The people are real, and there are some facts, but the story at Actors' Summit Theater is completely fictional. Artistic Director Neil Thackaberry plays Richard M. Nixon and George Roth portrays Secretary of State Henry Kissinger in Nixon's Nixon, which opens today and continues through November 9. In an imagined dialogue that takes place the night before Nixon resigned, he and his close advisor take turns portraying Leonid Brezhnev, Golda Meir and Mao Zedung, as they look at the administration's failures and accomplishments. Actors' Summit is at 86 Owen Brown St., Hudson. Tickets: $25-$28. Call 330.342.0800 or go to


Cleveland State University Art Gallery curator Robert Thurmer calls the annual People's Art Show an "exercise in aesthetic democracy." This is an uncurated, uncensored show that anyone can enter. "It has served as a battleground for First Amendment issues, as a forum for the role of art in contemporary society and as an outlet for creativity at the grassroots level," says Thurmer. The 18th installment opens with a reception from 5-8 p.m. The show continues through December 4. Viewing hours are 10 a.m. to 5 p.m. Monday through Friday and noon to 4 p.m. Saturday. Admission is free. The CSU Art Gallery is at 2307 Chester Ave. For information, call 216.687.2103 or go to


All you need to know about the CSU Factory Theater production of Night of the Living Dead is that it's an entirely student-generated stage adaptation of the cult movie, and that co-directors John Paul Soto and James Kosmatka are "pulling out all the stops with a provocative, in-your-face, multi-media production." (The Village Voice called the 1968 film "the first-ever subversive horror movie," in which "the resourceful black hero survives the zombies only to be killed by a redneck posse." If you went to the McCain rally in Strongsville the other day, you can be forgiven for wondering if the story was set there. Night of the Living Dead will have performances at 10 p.m. Friday and Saturday, with additional shows - including one at midnight (or 11:59 p.m.) on Halloween - through November 2. Tickets: $5 and $10. Factory Theater is at 1833 E. 24th St. Call 216.687.2109 or go to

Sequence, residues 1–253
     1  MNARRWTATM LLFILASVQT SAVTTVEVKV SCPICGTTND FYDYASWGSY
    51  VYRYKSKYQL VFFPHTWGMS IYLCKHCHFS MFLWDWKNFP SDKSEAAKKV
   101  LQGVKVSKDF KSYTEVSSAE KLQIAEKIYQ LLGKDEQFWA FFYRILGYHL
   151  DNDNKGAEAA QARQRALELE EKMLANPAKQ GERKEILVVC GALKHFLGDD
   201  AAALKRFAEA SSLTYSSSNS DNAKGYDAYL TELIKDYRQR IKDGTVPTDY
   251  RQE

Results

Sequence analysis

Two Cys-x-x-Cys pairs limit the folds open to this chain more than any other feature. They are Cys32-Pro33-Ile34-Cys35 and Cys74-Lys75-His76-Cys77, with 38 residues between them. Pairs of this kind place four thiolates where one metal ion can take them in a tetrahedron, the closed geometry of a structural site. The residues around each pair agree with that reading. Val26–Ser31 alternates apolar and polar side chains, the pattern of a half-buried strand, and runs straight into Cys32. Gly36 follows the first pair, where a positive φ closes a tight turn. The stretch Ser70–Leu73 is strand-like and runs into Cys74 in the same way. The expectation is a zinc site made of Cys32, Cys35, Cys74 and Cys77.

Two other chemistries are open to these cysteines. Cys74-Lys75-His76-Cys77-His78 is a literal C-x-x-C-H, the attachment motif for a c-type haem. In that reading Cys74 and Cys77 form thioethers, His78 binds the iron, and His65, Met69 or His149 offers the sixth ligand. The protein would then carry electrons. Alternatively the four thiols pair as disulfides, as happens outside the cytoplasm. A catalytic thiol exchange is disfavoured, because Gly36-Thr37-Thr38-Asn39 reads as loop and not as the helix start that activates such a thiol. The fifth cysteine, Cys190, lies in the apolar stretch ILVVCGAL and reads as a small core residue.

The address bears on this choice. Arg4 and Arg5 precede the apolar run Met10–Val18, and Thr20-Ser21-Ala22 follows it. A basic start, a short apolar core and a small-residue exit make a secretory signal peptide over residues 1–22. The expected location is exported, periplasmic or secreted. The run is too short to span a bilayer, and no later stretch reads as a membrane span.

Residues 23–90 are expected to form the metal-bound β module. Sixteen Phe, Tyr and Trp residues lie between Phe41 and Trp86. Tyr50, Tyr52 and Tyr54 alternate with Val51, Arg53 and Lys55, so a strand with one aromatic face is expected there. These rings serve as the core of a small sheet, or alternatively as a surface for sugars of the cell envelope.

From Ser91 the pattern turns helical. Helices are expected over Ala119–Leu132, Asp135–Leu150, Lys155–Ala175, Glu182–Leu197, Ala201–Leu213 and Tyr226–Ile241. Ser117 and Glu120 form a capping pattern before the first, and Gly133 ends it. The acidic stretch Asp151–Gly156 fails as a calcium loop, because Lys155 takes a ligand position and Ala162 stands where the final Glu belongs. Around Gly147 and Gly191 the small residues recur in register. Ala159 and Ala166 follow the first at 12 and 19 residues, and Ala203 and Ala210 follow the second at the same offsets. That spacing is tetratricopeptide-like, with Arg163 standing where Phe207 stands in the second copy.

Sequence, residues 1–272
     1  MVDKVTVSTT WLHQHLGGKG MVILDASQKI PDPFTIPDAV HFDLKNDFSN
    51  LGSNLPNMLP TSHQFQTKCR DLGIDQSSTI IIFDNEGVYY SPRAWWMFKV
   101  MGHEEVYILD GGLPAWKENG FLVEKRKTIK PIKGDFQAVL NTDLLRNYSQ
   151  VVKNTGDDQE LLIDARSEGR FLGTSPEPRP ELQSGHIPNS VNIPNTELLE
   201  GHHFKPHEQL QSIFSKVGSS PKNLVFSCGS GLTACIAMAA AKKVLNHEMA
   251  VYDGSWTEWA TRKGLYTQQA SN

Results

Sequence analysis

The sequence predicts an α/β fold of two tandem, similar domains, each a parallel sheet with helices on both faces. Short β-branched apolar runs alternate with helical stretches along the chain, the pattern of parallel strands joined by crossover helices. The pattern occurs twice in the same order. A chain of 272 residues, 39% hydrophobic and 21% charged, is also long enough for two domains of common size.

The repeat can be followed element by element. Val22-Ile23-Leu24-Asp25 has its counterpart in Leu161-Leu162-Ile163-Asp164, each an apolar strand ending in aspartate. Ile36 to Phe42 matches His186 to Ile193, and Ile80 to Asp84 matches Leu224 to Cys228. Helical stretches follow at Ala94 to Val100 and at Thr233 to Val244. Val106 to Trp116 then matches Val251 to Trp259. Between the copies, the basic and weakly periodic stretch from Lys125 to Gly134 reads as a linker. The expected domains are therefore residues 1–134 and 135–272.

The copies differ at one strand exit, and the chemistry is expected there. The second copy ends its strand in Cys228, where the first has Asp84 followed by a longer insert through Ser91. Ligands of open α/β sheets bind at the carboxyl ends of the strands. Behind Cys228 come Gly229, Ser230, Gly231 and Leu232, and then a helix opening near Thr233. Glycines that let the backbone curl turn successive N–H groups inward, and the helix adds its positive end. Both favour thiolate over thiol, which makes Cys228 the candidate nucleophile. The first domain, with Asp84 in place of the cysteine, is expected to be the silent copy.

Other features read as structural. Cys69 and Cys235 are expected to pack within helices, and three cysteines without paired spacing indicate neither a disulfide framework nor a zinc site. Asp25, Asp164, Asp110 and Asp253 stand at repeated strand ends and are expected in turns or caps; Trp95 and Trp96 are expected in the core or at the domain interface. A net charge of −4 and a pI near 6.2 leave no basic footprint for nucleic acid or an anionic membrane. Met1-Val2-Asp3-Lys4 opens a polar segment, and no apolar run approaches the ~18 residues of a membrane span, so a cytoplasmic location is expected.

Grove Press' story is largely one about fighting obscenity charges on behalf of several of the 20th century's major literary figures, including Allen Ginsberg (Howl), William S. Burroughs (Naked Lunch) and Henry Miller (Tropic of Cancer). Grove publisher Barney Rosset also was the first U.S. publisher of Samuel Beckett, Tom Stoppard, Che Guevara and Malcolm X. Cleveland Cinematheque (11141 East Blvd. at Cleveland Institute of Art) screens Obscene: A Portrait of Barney Rosset and Grove Press at 5:30 p.m. Saturday and 8:45 p.m. Sunday. Directors Neil Ortenberg and Daniel O'Connor use interviews with Amiri Baraka, John Sayles, Erica Jong and others to tell the story. Tickets: $6-$8. Call 800.223.4700 or go to


Craig Matis' band Uzizi has always included visual elements to its performances, using slides of original art to accompany the music. This week at Baldwin-Wallace College's Fawick Gallery, Matis opens a show that sounds a little like This Is Spinal Tap. Trench Cuisine: A Rock Band's Recipe for Semi-Success, is, says Matis, "a series of 24 panels which engages the viewer in a surreal story about a rock band's journey, from its inception to its tour through the United Kingdom. While the story is fictional, there are definitely elements of it that are true." The show opens Monday. A meet-the-artist reception is 5-8 p.m. Friday, November 7. It continues through November 28. Free. Fawick Gallery is in B-W's Kleist Center for Art and Drama at 95 E. Bagley Rd., Berea. Call 440.826.2152 or go to